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posted 3 days ago on re/code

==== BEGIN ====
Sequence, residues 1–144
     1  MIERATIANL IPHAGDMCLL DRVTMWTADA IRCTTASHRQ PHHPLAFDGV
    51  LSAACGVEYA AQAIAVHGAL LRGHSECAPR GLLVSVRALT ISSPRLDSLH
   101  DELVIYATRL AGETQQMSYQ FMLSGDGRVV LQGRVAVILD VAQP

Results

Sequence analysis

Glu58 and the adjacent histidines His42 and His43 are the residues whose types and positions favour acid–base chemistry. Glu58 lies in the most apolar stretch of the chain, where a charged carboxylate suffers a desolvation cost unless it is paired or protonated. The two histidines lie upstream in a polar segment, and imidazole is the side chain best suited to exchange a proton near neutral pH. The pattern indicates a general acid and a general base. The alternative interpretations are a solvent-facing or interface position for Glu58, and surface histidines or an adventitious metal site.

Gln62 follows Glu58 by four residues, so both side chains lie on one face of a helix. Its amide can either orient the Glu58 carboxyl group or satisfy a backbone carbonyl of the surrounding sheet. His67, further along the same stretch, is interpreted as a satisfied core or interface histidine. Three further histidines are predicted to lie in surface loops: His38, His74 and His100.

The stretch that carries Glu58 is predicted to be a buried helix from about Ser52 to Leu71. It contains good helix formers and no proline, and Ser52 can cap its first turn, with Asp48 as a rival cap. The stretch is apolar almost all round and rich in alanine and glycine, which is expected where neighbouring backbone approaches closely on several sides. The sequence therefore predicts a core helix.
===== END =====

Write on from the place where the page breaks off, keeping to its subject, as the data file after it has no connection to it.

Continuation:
New York state launched the Excelsior Pass in March 2021. Above, concertgoers use the pass to attend a show on April 22, 2021, at The Shed in New York City. | Angela Weiss/AFP via Getty Images A key feature of the Excelsior Pass app is rarely used. New York’s Excelsior Pass is getting more popular. Since it launched in March, the digital vaccine platform has issued millions of passes, which allow people to display proof of vaccination or negative test results via an app developed by the state. But not many businesses are using the Excelsior Pass’s signature feature: a scannable QR code that can quickly verify customers’ vaccination status by checking state records. While New York state has issued 6 million total Excelsior Passes in the 29 weeks since launch, those passes have been scanned just over 314,000 times, the governor’s office told Recode on Thursday. That amounts to an average of about 10,800 scans per week. The app that businesses use to scan Excelsior Pass QR codes has been downloaded around 156,000 times. New York, the first state to launch an app-based vaccine passport system, paid IBM millions of dollars to help build the Excelsior Pass platform. The system was designed to make reopening safer by providing businesses with a more secure way to confirm vaccination status than checking paper CDC cards, which are easily forged. But neither New York state nor New York City require businesses to scan the Excelsior Pass, and the low number of total scans suggests the Excelsior Pass is too complicated for its own good. Meanwhile, workers don’t have a strong incentive to prolong the process of checking people’s proof of vaccination when they already face harassment from customers angry about Covid-19 guidelines. Recode first learned that statewide scanning activity was low between March and June after obtaining a report from the New York Office of Information Technology Services through a public records request. The governor’s office then shared the latest data, which showed a similar trend. The scanning figures also match up with anecdotal evidence from more than a dozen New Yorkers who spoke to Recode, all of whom have used the Excelsior Pass but said their QR codes are rarely or never scanned. “I’ve been to a number of places, more than 10 times. Basically, every time I go out, they look at it, but there’s no scanning,” Bruna Martins, a marketing manager who lives in Manhattan, said. “They don’t even have a scanner.” “They just sort of look at it. ‘Oh, hey, it’s on your phone. It exists, great.’ I’ve never had anyone scan the QR code,” said Matt Gross, a digital strategist based in Brooklyn. While New Yorkers said the app was a convenient way to store proof of vaccination, they weren’t sure why the Excelsior Pass included a QR code. Some said they didn’t even know there was a separate scanning app. How the Excelsior Pass is supposed to work The Excelsior Pass system includes two apps: the NYS Excelsior Pass Wallet app, which customers use to store their Excelsior Passes, and the NYS Excelsior Pass Scanner app, which venues use to scan the passes’ QR codes. New Yorkers can download their individual Excelsior Pass from the state government website by providing personal details such as their name and birthday. The site also asks for the type of vaccine the person received as well as the date of their most recent doses, after which the system cross-checks the information against a state-run immunization database. If everything checks out, the state issues the person an Excelsior Vaccination Pass, which displays their QR code, name, and birthday. There’s also a newer option to retrieve an Excelsior Pass Plus, which also shows the type of vaccine a person received and the date of their doses. The Excelsior Pass system also works with test results and verification systems in other states. Restaurants, movie theaters, and other venues are supposed to download the NYS Excelsior Pass Scanner app to scan their customers’ passes. When this app scans a QR code, the technology checks to see whether the user’s vaccination information matches the state’s records and is still valid. The scanner app then displays an alert, like “valid,” “expired,” or “not found.” Businesses are also supposed to check that the name on someone’s pass matches their official state ID. New York has advertised the Excelsior Pass system as an advanced tool that could help the state reopen safely and quickly. To build this system, New York’s Office of Business Information Services agreed to pay IBM an initial $2.5 million to build a state-specific version of the company’s existing blockchain-based Digital Health Pass technology. Depending on how many Excelsior Passes are downloaded over the next three years, however, IBM could earn up to $12.3 million more in licensing fees. Overall, the project could cost as much as $27 million, according to the New York Times. The IBM contract also stipulates that the Excelsior Pass technology could be repurposed for other tasks in the future, like confirming someone’s age or checking their driver’s license. The Excelsior Pass is rarely scanned Some Excelsior Pass users say they’re surprised when a venue asks to scan their app. Alina Butareva, a communications professional based in Brooklyn, told Recode that the Barclays Center is the only venue that’s ever scanned her Excelsior Pass. Martins, the marketing manager, said that her code has only been scanned by Pasquale Jones, an Italian restaurant. The Excelsior Pass scans that do happen vary across a range of industries, according to state data. Sports venues accounted for 29 percent of scans between March and June, while food service businesses accounted for 23 percent and performing arts centers for 22 percent. The governor’s office would not share any additional data about which venues were scanning passes, citing the scanner app’s privacy policy. Meanwhile, it’s service workers who have the unpleasant job of enforcing New York City’s indoor vaccine mandate. While they can glance at a CDC card and driver’s license, using a new app and scanning QR codes could make the already taxing process of checking vaccine statuses more tedious. After all, these workers have faced abuse, violence, and sexual harassment when trying to enforce public health measures during the pandemic. When asked about the scanner app’s limited usage, the architect of the Excelsior Pass program, Sandra Beattie, emphasized that venues have a choice when it comes to scanning the passes’ QR codes. “As more strict measures have been put in place, we see scanning activity increase, but that scanning activity is up to the cooperation of individuals, no matter how you’re interacting,” Beattie, the first deputy director of the New York State Division of the Budget, told Recode. “The scanner is optional — recommended, not mandated.” Leaving the verification piece out of the process is problematic, according to Siddarth Adukia, the technical director at the cybersecurity firm NCC Group. “If you just look at the pass on a user’s device, that’s no guarantee that the user is actually vaccinated or the credential is genuine,” Adukia said. While he thought the scanning number seemed low, Adukia said it matched up with his own experience visiting venues in New York City. Despite the low scanning numbers, New York is still trying to expand the Excelsior Pass system. The Excelsior Pass Plus can also be scanned anywhere that accepts SMART Health Cards, which are vaccine passes that adhere to a set of standards developed by the Vaccine Credential Institute. Smart Health Cards are currently being used by businesses in California, Hawaii, Louisiana, and Virginia. New York state also upgraded its Excelsior Pass Scanner app so that it can scan out-of-state SMART Health Cards, too. While Excelsior Pass started out as a tool to help New York businesses recover from the pandemic, the state is now exploring how the platform could be retrofitted to verify other types of records and credentials. New York hasn’t decided exactly what the Excelsior Pass system could be used for next, but it is confident there’s a role for these apps in the future. “Probably one of the biggest lessons learned coming out of the Covid environment [is] our experience with the digital vaccine credential, in that it’s accelerated our thinking about digital governments,” Beattie told Recode. But if New York’s experience with Excelsior Pass is any indication, when faced with digital solutions, the government can overengineer problems that have more analog solutions. After all, it’s not clear how valuable these high-tech tools will be if people don’t actually use them.